Let’s assume that at least some local residents share the feelings expressed in the video. Should we try to educate them, to explain to them that their attitudes are wrong – that the Satmar Hasidim who live in their neighborhood are people just like them, and don’t deserve to be shot? That would be hard to do. They are not just like them, they dress differently, eat differently, speak a different language, educate their children differently, and of course practice a different and perhaps sinister religion. They stay aloof from the locals, which is often interpreted as “they think they are better than we are” (I am not speculating on whether this is a correct interpretation).
The secret to educating antisemites so that they will stop being antisemites remains undiscovered. What exactly do you say to someone to make them stop hating Jews? Teaching them about the Holocaust just gives them ideas.
It is also not possible to make the Hasidic Jews more appealing to non-Jews. Should we tell them to dress differently? To eat the same food? To send their children to public schools? To convert to Christianity or Islam? All this was tried before, with very unhappy results. Trying to change Jews in order to reduce antisemitism is a losing proposition; antisemites will always find a reason to hate them. This was true for Spanish Conversos in the 15th and 16th centuries, for Germans of the Mosaic Persuasion in the 19th, and probably will someday be true for the progressive Reform Jews of North America. The problem resides with the antisemites, not the Jews, and it can’t be fixed by “fixing” the Jews.
But even if we can’t eliminate antisemitism, there are things we can do to mitigate the current wave of antisemitic acts. One is to understand and act on the principle that although we can’t guarantee that people will like Jews, we can force them to respect us, both as individual Jews in the diaspora and collectively in the State of Israel. In the diaspora, Jews should secure their institutions and arm themselves to the extent that the law permits. Self-defense training should be part of all Jewish education. Nobody is respected for being a victim.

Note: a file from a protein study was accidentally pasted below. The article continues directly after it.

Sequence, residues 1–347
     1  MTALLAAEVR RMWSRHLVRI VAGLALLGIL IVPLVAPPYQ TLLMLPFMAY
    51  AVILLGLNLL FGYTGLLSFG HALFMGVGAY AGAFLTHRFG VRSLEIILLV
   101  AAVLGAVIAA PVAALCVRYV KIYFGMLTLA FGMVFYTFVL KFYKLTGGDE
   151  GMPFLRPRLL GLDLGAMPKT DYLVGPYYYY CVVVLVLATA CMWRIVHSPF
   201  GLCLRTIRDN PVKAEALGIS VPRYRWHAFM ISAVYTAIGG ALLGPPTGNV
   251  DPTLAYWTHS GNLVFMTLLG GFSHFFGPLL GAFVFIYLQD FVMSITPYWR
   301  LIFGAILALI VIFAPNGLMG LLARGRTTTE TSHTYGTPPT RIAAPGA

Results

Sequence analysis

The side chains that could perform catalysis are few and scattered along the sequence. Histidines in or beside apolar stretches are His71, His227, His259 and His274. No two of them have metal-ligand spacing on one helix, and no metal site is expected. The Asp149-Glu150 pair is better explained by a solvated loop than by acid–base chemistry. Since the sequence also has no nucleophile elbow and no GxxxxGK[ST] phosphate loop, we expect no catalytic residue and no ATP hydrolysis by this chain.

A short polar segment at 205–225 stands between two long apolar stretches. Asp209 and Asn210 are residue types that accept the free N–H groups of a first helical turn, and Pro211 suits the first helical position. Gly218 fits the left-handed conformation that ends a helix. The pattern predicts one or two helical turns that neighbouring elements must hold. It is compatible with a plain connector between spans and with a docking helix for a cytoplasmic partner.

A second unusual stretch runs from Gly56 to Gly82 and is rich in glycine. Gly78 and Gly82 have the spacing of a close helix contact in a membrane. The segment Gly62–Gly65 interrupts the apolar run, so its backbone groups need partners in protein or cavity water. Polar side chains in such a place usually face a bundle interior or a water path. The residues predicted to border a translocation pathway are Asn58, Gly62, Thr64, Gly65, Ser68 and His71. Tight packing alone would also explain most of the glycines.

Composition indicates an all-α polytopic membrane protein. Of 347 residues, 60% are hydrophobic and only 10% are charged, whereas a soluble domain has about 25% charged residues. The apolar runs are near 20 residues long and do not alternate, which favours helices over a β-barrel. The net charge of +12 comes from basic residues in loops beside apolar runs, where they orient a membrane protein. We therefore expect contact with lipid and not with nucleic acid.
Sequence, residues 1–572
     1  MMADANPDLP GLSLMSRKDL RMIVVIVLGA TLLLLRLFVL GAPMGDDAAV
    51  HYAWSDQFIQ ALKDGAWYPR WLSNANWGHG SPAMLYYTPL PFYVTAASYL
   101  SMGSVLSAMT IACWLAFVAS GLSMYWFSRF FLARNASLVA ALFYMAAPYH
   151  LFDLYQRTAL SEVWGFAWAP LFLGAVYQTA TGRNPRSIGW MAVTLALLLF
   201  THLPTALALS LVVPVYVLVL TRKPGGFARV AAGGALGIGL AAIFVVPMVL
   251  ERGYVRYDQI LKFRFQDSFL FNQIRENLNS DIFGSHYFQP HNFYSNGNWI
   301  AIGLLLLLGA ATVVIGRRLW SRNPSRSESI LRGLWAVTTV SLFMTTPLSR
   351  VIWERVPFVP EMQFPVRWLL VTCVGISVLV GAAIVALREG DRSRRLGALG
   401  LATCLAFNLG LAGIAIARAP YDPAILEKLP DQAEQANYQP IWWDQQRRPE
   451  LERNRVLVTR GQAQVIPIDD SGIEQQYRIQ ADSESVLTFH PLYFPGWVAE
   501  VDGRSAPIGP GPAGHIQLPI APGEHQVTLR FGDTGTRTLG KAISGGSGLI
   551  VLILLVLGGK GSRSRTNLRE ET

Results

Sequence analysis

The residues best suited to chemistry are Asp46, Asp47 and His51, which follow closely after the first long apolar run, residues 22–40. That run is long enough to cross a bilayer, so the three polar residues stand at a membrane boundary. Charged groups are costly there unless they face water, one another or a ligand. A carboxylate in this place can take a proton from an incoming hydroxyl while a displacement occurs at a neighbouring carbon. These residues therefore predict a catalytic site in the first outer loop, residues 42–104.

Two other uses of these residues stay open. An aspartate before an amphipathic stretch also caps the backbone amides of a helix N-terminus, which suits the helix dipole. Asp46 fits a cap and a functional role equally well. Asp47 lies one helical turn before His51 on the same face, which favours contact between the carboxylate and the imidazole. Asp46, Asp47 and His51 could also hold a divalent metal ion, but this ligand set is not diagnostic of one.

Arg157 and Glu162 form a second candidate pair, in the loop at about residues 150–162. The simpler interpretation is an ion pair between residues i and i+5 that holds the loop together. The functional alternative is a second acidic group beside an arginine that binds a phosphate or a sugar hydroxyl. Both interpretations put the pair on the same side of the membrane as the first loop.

The primary function of a state is to guarantee the security of its citizens. Insofar as we must depend on government, particularly when restrictive laws make self-defense difficult, then we have to demand that it does its job. When there is a crime wave targeting a specific sector of the population, police resources in that sector have to be increased. Jews ought to have enough political power in a place like New York City to insist that street violence against their fellow Jews, even if the perpetrators are black and Hispanic De Blasio voters, be suppressed. Unfortunately, this is not the case in Hudson County, New Jersey, where Jersey City is located.
Finally, if it turns out that diaspora Jewish communities cannot be defended or that their host governments do not care to do their part in doing so, there is the option of aliyah. This puts the Satmar Hasidim, who bitterly oppose the Jewish state, between a rock and a hard place. But that is their problem, not mine.